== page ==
In contrast, events that encourage reflection and other thinking promote mental growth and intellectual power. An example of an event that encourages thinking is Beau and the broken bracelet. Through his experience, he comes to realize the connection between his action and the broken bracelet, and then the connection between his work to earn money and making up for the damage. This type of discipline encourages children to think for themselves and strive to understand the world (DeVries, 1999). A brain that is exercised becomes stronger and more capable.
Lack of Inner Controls
For some kids, fear of punishment becomes the only reason to behave in socially acceptable ways. These youngsters are only likely to act appropriately when someone is there to catch them. Even then, the seriousness of the punishment is often weighed against the potential pleasure of the inappropriate action (Kamii, 1982). Often youngsters will choose to go ahead with the action and “face the music” later. Accepting the punishment can even become a sort of challenge to their courage. Not getting caught can become another type of challenge. Kohlberg’s (1984) extensive studies of moral development concluded that punishment is ineffective in promoting moral development, whereas the opposite approach, a de-emphasized use of adult power, assists the development of a child’s internalized conscience (e.g., DeVries, 1999; Kochanska, 1991).
Many people whose only restraint comes from fear of punishment become incredibly sneaky (Kamii, 1982). They become skillful at lying and other forms of deceit. You have probably known people who have adopted this dishonest approach to life. They get what they want behind people’s backs. Although they can act innocent, others soon catch on to them and learn to distrust them. Certainly, this behavior is not a desirable outcome of discipline.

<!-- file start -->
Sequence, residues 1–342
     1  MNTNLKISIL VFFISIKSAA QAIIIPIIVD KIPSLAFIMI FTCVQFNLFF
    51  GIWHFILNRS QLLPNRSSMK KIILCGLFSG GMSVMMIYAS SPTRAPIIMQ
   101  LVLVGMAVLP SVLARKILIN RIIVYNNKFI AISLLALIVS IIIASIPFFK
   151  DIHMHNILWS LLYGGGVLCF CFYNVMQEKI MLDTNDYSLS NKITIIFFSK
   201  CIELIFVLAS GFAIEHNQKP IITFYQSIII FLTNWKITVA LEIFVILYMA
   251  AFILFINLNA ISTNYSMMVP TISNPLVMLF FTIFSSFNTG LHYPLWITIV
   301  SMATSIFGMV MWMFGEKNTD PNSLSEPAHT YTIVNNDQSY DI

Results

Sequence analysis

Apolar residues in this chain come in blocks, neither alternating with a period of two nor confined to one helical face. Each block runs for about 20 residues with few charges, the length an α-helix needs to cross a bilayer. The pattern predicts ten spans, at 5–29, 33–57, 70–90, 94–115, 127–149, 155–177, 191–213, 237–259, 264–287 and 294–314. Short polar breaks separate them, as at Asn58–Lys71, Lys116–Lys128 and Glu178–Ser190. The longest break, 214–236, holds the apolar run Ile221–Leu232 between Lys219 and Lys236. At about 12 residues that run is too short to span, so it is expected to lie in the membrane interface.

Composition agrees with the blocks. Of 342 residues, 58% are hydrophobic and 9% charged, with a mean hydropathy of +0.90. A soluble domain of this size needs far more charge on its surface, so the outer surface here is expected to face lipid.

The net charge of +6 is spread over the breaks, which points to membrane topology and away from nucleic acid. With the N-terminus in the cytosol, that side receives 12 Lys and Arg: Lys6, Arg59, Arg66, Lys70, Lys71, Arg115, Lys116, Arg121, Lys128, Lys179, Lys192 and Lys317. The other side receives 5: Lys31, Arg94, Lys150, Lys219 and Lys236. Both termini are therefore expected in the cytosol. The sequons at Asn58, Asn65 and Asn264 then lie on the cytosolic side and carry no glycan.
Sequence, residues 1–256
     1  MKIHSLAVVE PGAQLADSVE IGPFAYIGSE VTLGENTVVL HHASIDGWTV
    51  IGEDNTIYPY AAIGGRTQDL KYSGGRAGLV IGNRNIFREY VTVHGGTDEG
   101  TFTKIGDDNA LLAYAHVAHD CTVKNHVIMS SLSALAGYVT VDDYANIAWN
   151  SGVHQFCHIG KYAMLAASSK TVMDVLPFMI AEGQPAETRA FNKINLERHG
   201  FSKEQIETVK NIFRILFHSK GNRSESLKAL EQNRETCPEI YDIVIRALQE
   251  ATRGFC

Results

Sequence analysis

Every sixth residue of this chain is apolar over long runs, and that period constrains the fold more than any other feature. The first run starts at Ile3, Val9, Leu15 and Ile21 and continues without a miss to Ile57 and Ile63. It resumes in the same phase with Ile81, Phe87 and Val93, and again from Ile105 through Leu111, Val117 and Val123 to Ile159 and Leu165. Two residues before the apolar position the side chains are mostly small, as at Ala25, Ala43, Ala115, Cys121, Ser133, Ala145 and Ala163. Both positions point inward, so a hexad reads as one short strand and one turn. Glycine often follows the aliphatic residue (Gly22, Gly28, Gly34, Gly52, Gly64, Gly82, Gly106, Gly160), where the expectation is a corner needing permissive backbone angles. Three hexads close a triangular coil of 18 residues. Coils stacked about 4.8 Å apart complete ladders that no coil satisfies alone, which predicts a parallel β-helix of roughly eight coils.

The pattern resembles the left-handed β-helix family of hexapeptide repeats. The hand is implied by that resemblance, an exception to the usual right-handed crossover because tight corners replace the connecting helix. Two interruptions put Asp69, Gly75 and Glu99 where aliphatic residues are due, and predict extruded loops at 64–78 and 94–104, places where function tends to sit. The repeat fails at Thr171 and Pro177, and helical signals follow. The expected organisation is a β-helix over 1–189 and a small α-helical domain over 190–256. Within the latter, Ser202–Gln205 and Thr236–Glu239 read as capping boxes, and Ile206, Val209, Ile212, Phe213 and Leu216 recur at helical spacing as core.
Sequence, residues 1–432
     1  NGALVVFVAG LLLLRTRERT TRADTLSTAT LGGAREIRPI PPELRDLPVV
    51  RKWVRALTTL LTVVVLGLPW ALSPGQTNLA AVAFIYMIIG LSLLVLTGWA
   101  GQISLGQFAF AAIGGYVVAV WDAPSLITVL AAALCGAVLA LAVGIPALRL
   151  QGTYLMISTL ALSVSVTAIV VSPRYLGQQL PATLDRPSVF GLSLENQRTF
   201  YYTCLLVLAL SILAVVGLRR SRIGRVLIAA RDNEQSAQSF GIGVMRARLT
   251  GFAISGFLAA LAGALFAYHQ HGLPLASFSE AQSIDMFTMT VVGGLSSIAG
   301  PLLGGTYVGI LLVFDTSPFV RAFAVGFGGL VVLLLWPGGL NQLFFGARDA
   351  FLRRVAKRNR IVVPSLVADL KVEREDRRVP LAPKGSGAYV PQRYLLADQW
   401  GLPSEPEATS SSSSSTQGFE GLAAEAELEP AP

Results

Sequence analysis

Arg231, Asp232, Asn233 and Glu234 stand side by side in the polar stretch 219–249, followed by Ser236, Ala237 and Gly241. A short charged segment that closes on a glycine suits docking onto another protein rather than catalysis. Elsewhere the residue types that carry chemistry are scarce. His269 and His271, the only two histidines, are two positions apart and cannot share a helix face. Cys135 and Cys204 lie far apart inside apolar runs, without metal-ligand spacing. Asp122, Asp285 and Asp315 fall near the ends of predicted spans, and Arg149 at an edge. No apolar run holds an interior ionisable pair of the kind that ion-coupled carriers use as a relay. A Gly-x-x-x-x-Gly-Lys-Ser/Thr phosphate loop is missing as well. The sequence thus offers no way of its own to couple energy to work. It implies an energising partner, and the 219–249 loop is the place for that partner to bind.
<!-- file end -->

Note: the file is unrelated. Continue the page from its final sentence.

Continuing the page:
Recent headlines tell us that juvenile crime is increasing alarmingly. The public response is to “get tough” and punish harder, while punishing the kids’ parents, too. Suggestions such as publishing the names of juvenile offenders are evidence of how little most people understand about how to improve behavior. How can publicly labeling a young person as a criminal possibly help that child behave better? When suggestions focus on prevention of juvenile delinquency instead of punishment, the plans aim at older kids who are already in trouble. Kindergarten teachers can tell you which of their 5-year-old students are likely to end up in jail unless they get help; the problems begin early, and therefore need to be addressed early.
Those who would address the problems through punitive measures need to read the research showing that children who are punished are most likely to turn to crime (Straus, 1991). In 2001, nearly three of every hundred American adults had served time in prison, according to the U.S. Justice Department. Almost a third of those who had served time were still under correctional supervision, including parole, probation, and in local jails (U.S. Department of Justice, 2004). Punishment clearly isn’t working, since building more and more prisons and incarcerating more and more people have not significantly reduced crime.